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The growing media and think tank debate over the future levels of U.S. military manpower for Afghanistan is as dangerous as it is mindless. The United States now plans to withdraw virtually all of its military and civil manpower from Afghanistan by the end of 2014. It is planning massive cuts in military and civil aid spending but has not made any details public.

At the best of times, military manpower totals are a largely meaningless metric. The issue is never whether there are 6,000 men and women or 30,000. The issue is what they are deployed to do, what roles and missions they perform, what combat role they will play if any, how well funded and equipped they are, and how they support an overall strategy, plan, and effort to achieve a real strategic result. In an insurgency, and in an effort to conduct armed nation building in a failed state, military manpower is an even less meaningful metric than usual. The issue is the future size of the civil-military effort, not the military effort alone. Any debate or analysis of the future U.S. role in Afghanistan that does not tie the two together is little more than intellectual and media rubbish.

Totals for military and civil personnel not only do not describe or justify the function of such manpower, they need to be tied to data that show where they are to be deployed and their future level of security. There are unconfirmed media reports that the United States now plans to cut the number of U.S.-occupied facilities in Afghanistan from some 90 at the end of 2011 to 5 major facilities by the end of 2014, and no one is talking about the end result in terms of the future security of U.S. personnel or the ability to perform meaningful missions without being exposed in the field. Moreover, our cuts will take place as our allies-and many nongovernmental organizations-almost totally withdraw from the country and with an Afghan election occurring in 2014 that will produce an unknown future leader of a largely failed government.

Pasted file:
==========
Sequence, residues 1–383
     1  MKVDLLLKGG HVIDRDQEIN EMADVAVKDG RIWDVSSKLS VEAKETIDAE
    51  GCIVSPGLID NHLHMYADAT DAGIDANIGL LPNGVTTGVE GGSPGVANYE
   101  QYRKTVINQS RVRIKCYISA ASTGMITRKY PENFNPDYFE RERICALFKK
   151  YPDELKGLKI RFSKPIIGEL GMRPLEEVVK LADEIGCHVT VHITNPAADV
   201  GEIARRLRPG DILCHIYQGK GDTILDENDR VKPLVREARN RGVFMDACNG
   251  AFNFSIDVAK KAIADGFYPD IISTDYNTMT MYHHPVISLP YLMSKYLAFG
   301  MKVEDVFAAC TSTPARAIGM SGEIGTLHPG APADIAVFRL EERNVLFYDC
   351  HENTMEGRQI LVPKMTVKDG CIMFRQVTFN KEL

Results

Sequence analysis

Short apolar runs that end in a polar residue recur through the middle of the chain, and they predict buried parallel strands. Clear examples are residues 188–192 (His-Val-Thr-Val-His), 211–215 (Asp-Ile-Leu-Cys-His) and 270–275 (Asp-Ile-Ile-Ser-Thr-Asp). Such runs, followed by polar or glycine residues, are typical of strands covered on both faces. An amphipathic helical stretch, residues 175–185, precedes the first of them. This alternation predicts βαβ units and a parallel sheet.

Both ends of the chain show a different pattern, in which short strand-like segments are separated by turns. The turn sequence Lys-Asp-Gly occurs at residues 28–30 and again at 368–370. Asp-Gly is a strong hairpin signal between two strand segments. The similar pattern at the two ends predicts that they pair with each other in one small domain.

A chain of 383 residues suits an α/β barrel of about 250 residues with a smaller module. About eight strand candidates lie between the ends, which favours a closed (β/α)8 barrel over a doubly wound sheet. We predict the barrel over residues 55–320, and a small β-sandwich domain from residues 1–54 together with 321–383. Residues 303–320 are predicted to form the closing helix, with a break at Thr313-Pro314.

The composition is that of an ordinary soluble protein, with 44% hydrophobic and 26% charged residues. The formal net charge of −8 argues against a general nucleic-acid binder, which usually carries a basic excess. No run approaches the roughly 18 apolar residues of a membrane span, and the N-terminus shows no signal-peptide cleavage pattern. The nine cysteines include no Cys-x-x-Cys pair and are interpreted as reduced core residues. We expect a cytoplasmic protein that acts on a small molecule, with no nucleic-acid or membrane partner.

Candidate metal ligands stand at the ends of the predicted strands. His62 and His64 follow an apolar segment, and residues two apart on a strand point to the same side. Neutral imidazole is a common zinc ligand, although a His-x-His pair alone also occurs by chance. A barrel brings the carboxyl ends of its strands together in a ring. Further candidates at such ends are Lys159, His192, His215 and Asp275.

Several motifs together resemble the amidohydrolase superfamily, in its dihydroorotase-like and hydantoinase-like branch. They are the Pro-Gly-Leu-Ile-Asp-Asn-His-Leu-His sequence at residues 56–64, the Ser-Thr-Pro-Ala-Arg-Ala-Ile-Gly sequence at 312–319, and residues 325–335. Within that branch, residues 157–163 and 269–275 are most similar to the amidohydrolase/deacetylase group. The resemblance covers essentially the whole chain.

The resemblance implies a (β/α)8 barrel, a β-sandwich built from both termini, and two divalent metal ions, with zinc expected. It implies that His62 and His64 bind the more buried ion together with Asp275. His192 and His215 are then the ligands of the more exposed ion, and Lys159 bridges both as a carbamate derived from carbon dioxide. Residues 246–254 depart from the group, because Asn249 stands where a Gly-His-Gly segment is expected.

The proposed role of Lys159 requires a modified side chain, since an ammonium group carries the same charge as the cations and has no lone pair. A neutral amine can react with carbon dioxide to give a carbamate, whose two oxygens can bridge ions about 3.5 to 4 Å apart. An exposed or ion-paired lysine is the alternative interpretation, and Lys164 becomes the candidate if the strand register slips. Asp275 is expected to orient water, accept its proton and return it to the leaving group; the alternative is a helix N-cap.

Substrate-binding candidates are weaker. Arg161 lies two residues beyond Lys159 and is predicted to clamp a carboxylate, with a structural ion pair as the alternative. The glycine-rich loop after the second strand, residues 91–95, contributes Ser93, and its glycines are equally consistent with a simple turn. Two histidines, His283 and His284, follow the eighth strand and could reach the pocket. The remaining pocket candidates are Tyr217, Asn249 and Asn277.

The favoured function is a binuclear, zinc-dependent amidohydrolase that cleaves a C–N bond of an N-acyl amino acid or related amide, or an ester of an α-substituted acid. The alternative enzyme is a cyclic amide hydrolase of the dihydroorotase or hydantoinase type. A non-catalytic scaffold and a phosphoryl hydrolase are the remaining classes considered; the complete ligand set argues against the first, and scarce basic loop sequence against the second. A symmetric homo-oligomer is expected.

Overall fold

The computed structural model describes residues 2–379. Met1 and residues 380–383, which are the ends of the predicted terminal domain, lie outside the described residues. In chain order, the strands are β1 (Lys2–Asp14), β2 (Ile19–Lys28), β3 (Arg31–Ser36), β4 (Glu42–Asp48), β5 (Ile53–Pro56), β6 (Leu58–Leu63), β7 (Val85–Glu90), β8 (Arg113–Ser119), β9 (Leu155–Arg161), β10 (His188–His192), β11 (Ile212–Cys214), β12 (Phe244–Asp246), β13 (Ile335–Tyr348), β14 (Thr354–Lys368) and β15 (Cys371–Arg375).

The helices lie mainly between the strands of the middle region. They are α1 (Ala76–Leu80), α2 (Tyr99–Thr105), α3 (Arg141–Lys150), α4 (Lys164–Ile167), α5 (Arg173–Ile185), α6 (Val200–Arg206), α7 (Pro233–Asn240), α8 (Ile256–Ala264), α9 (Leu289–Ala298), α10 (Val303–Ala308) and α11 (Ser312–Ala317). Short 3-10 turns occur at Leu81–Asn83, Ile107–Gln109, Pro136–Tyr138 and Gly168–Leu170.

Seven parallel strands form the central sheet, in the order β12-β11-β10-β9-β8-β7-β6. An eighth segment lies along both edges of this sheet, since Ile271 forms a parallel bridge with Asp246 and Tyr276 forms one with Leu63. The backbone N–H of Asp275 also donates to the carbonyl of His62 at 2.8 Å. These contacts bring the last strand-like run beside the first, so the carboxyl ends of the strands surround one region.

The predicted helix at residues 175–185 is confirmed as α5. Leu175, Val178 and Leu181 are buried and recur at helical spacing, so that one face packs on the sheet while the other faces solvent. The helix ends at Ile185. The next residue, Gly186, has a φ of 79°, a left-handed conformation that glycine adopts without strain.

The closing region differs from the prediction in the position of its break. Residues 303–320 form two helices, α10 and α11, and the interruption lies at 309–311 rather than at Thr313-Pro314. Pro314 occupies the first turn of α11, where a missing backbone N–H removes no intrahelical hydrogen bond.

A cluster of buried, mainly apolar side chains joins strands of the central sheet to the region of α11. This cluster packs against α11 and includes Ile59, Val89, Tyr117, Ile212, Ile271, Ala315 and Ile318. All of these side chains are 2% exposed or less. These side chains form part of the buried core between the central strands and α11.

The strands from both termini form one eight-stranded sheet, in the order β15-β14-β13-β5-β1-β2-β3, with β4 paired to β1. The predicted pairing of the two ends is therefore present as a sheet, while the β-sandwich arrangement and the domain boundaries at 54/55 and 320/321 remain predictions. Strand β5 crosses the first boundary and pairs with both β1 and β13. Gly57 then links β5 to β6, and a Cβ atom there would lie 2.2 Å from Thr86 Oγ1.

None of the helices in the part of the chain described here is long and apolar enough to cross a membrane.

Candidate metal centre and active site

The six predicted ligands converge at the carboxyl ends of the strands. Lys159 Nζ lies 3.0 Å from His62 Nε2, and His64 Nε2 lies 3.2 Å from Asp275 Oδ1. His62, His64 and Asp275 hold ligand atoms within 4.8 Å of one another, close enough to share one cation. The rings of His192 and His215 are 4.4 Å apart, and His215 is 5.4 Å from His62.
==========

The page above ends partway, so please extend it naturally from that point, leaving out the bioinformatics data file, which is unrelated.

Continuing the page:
What really matters, however, is that there are no public U.S. plans that show how the Obama administration will deal with either the civil or military aspects of this transition between now and the end of 2014, or in the years that follow. The few metrics that the International Security Assistance Force (ISAF) and the U.S. government have made public only cover past combat performance, and they show there has been no meaningful military progress since the end of 2010. The State Department and the U.S. Agency for International Development (USAID) have never issued a remotely credible report on the progress and impact of the civilian surge or any aspect of the civil aid program. (For a detailed analysis of recent combat reporting, see the text, maps, and charts in "The War in Afghanistan at the End of 2012: The Uncertain Course of the War and Transition.")

At this point in time, this lack of public and transparent plans and reporting makes it impossible to determine whether there is a real transition plan or a disguised exit strategy. All that is clear is that the United States is likely to spend at least $150 billion more on the war by the end of 2014 and suffer well over a thousand more casualties.